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What Should I Do If My Child’s Father Refuses to Pay Child Support in Illinois?

Posted on in Divorce

Arlington Heights family law attorneysThe state of Illinois believes that children deserve to benefit from financial support from both of their children. If your child’s father refuses to pay child support, there are several things you need to know. First, in order to request a child support order from the Illinois family court system, your child’s father must be formally established. There are several ways to accomplish this. Secondly, only child support orders established through the court can be legally enforced. Illinois courts do not have the authority to enforce informal child support orders. If you need help establishing paternity or child support or enforcing a current child support order, a qualified family law attorney can help.

How Do I Officially Establish Paternity?

If you and the child’s father were not married at the time your child was born, the state does not assume paternity. In such a situation, there are three ways that you can establish paternity. First, you and the father can sign a Voluntary Acknowledgement of Paternity and file this document with the Illinois Department of Healthcare and Family Services (DHFS). However, if your child’s father does not admit that he is the father of your child, you may not be able to convince him to sign this document. The second way to establish paternity is to pursue an Administrative Paternity Order through the DHFS. Lastly, you can request an Order of Paternity to be established through the court. The father may be required to submit to DNA testing in order to establish that he is indeed the biological father of your children.

How Do I Get Child Support After Paternity Has Been Established?

After the legal relationship between your child and your child’s father is established, you will be able to pursue child support through the DHFS. If you already have a child support order but your child’s father is not paying, he faces several serious consequences. Child support nonpayment in Illinois is punishable by wage garnishments, property liens, driver’s license suspension, and more. In extreme cases, a father who does not pay court-ordered child support can be sentenced to jail. For help establishing child support for the first time or enforcing a current child support order, contact a family law attorney who is experienced in handling child support nonpayment issues.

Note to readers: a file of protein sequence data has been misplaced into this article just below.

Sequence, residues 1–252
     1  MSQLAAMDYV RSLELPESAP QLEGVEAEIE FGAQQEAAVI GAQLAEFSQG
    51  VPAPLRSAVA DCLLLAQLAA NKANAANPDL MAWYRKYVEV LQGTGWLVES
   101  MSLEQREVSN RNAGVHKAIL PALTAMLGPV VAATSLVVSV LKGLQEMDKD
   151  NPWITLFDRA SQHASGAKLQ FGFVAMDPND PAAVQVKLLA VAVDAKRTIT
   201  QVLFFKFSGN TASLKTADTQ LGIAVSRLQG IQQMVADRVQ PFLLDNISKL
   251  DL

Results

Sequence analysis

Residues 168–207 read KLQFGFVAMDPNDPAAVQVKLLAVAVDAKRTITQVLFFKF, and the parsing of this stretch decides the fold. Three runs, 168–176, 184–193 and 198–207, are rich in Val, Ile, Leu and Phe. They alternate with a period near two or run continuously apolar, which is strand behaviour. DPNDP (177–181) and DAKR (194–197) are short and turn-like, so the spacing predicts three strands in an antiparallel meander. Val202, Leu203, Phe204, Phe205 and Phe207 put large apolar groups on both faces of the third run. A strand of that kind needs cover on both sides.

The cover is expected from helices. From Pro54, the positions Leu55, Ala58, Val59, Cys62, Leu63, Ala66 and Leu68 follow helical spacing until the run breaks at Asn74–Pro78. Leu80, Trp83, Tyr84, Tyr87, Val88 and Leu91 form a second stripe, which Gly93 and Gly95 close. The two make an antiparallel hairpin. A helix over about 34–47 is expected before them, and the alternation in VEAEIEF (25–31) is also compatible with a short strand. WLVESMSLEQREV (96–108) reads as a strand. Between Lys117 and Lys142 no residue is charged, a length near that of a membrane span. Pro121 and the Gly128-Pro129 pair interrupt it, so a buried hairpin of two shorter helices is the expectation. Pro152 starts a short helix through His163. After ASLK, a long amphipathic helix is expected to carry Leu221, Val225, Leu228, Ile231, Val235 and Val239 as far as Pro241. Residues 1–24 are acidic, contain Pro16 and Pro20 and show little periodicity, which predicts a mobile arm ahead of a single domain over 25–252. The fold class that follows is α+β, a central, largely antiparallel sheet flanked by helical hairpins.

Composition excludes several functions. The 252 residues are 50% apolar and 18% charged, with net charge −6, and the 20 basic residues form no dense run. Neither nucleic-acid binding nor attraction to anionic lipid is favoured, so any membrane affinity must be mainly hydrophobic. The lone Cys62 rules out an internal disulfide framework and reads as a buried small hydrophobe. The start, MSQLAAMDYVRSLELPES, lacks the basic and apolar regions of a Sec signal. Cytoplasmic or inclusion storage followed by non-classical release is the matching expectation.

Contact a Rolling Meadows Child Support Lawyer

At A. Traub & Associates, our team knows how hard it can be to raise a child without financial support from the child’s other parent. Our knowledgeable Arlington Heights family law attorneys are committed to helping unmarried parents get the financial support they need and deserve. Call our office today at 847-749-4182, and schedule a confidential consultation to discuss your concerns.

 

Sources:

https://www.illinois.gov/hfs/ChildSupport/parents/Pages/Paternity.aspx

http://www.ilga.gov/legislation/ilcs/documents/075000050K505.htm

Illinois State Bar Association Northwest Suburban Bar Association DuPage County Criminal Defense Lawyers Association DuPage County Bar Association Illinois Association Criminal Defense Lawyers American Inns of Court DuPage Association of Woman Lawyers National Association of Woman Business Owners
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